The German theologian Friedrich Schleiermacher (1768-1834) privileged the Christian religion in his attempt to defend it against critics of his day in his On Religion: Speeches to its Cultured Despisers (1799). Schleiermacher famously located religion’s basis in “the feeling of absolute dependence” (7). The person’s sense of fragility and finiteness in the world is what leads him to religion and the desire to be absorbed by something or someone greater. To Schleiermacher, Christianity is the most perfect form of religion and is what fulfills the “consciousness of being absolutely dependent, or, which is the thing, of being in relationship to God.”
Reflections and Remarks
There are a few remarks one might make in response to privileging specific religious traditions within one’s academic work on religion. It is important to acknowledge that some of these theorists were attempting to defend religion in the face of growing skepticism that had emerged in and after the Enlightenment period. There was a tendency for theorists, some of them Christians, to locate religion’s legitimacy in human experience and the empirical world rather than in the supernatural or transcendent. Supernatural explanations were unwelcome to many thinkers, which proved a threat to religious beliefs which emphasized divine revelation, in particular Christianity. And of course one would be in his right to defend his worldview should he deem it necessary.
But the academic study of religion has evolved significantly since these times and is now a fully secular, scientific discipline taught in many leading universities today. In light of this, what might one make of these religious commitments given the accepted conditions of contemporary religion studies? A first observation would be that not all scholars of religion are Christian and given that some of these classical and formative theorists presented strong Christian convictions in their work, such would no doubt be objected to by those who do not share these commitments. Other scholars come from different religious backgrounds and will view their own religious figures and scriptures as the true expression of authentic religious sensibility, or they might not view any figure or text in such a way, or they might leave such commitments at the door when they wear the mantle of a scholar. In fact, as a secular discipline, the scholar’s own religious convictions or lack thereof are irrelevant and should play absolutely no role in his or her research process, data acquisition, data dissemination, and conclusions. One reason for this, of many, is that it is best to avoid standing on the toes of others given that religion is, as scholar Rita Gross explains, a “controversial subject about which people really have strong opinions, employing empathy is the only pedagogically appropriate method” (8). Gross further rightly states that “The academy is not the place for proselytizing for any specific religion or religious position. Full and fair strengths and weaknesses of all positions studied can and should be expected” (9).
Empathy, a development from the early phenomenology of religion, is indeed the appropriate method. Empathy is simply to treat one’s subject material, whether that be religious beliefs, practices, individuals, or communities, on its own terms and to avoid making value judgments concerning it. One way of doing this is to adopt an insider’s approach by entering into the mind of the religious individual, group, or community. For the modern scholar, it is therefore far from desirable to offend others, especially one’s own research group and participants, by openly viewing other religions as inferior to one’s own. In fact, many scholars of religion are particularly conscientious about this given the discipline’s colonial history during which ideologically driven scholars, Christians, secularists, and skeptics included, proposed notions of cultural, racial, and religious superiority over the beliefs of the newly discovered “savage tribes”, “primitives”, and “uncivilized” peoples. Such terminology and ideology is inextricably linked to conditions of power and exploitation, hence deliberate attempts to avoid it and the spawning of the post-colonial study of religion.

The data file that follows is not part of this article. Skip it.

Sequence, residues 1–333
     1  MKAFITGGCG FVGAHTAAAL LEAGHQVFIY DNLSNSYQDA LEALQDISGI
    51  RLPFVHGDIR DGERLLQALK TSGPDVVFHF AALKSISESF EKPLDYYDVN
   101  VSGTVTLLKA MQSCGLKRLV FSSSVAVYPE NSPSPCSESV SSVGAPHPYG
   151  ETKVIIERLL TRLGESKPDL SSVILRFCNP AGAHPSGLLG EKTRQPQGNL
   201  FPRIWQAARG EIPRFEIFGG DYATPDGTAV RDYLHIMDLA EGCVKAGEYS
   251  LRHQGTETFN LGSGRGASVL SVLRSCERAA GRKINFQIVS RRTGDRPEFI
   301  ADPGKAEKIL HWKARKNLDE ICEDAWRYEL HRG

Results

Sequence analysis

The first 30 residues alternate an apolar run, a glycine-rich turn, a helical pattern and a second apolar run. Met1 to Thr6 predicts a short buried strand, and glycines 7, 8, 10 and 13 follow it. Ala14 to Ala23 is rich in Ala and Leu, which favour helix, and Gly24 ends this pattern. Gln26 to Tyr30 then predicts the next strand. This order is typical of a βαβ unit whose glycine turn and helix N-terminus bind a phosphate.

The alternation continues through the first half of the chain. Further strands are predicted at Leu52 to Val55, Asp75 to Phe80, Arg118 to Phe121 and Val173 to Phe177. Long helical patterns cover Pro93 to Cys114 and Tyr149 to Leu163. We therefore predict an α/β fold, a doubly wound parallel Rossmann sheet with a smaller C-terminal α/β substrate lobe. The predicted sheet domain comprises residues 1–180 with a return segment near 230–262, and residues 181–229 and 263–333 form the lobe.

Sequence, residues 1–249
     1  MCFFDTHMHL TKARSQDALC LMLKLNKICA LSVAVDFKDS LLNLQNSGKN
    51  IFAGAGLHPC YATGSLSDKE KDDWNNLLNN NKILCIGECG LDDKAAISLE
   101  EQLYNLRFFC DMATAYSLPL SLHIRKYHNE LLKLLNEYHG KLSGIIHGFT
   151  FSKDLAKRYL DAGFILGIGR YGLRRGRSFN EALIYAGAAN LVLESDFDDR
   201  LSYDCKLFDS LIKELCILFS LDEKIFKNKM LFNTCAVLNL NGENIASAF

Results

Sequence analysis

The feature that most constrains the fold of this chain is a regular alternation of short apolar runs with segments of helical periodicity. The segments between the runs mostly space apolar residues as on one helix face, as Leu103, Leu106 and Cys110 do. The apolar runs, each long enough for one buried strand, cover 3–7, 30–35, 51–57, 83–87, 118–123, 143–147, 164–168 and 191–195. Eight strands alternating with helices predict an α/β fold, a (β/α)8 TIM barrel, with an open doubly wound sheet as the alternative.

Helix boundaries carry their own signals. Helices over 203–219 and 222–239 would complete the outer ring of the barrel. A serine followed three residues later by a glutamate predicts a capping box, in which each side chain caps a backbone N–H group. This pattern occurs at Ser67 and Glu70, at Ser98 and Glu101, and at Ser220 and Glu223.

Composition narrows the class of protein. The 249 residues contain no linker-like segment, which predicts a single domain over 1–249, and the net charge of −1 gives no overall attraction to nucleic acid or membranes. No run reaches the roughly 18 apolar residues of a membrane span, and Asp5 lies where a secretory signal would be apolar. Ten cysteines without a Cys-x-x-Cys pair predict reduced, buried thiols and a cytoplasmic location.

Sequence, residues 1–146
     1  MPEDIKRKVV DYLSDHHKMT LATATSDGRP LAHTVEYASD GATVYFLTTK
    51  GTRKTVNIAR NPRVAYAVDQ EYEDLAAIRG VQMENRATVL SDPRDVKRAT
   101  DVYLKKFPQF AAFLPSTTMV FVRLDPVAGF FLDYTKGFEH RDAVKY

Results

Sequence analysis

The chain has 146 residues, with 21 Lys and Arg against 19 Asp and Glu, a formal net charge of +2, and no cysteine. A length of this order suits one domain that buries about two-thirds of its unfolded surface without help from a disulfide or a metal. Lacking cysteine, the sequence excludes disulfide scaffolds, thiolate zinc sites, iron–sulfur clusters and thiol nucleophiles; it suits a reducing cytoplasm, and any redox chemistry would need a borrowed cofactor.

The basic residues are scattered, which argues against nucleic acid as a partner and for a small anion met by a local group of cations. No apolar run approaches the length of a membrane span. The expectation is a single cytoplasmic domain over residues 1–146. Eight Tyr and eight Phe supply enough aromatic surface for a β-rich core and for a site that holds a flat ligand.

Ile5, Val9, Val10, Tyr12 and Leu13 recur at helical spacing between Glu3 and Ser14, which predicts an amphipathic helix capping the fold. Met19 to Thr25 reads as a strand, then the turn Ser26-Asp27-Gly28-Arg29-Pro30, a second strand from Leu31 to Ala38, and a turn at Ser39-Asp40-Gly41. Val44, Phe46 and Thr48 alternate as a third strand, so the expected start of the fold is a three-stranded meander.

Are scholars allowed to have their own religious convictions? Of course, but to be a modern scholar within a secular discipline geared towards producing accurate knowledge on religion is to learn to master the skill of temporarily dropping or “bracketing” one’s own worldview commitments, values, and preconceptions as much as possible (10). Although it is in the scholar’s right to hold to the superiority of his or her own worldview within his/her private capacity, it remains inappropriate for this to reflect in academic work, a point often missed in the formative phases of this discipline.
1. Capps, Walter. 1995. Religious Studies: The Making of a Discipline. Minneapolis: Fortress Press. p. 270.
2. Menzies, Allan. 1895. History of Religion: A Sketch of Primitive Religious Beliefs and Practices, and of the Origin and Character of the Great Systems. New York: C. Scribner’s sons. p. 415.
3. MacCulloch, John Arnott. 1902. Comparative Theology. London: Methuen. p. 172.
4. Kraemer, Hendrik. 1962. Why Christianity of All Religions? Louisville: Westminster Press. p. 16.
5. World’s Student Christian Federation. 1911. Report of the Conference, Volume 9. p. 56
6. World’s Student Christian Federation. 1911. Ibid. p. 72.
7. Schleiermacher, Friedrich. 1893. On Religion: Speeches to Its Cultured Despisers. England: K. Paul, Trench, Trübner & Company, Limited. p. 106.
8. Gross, Rita. 1996. Feminism and Religion: An Introduction. Boston: Beacon Press. p. 10
9. Gross, Rita. 1996. Ibid. p. 12.
10. Gross, Rita. 1996. Ibid. p. 10.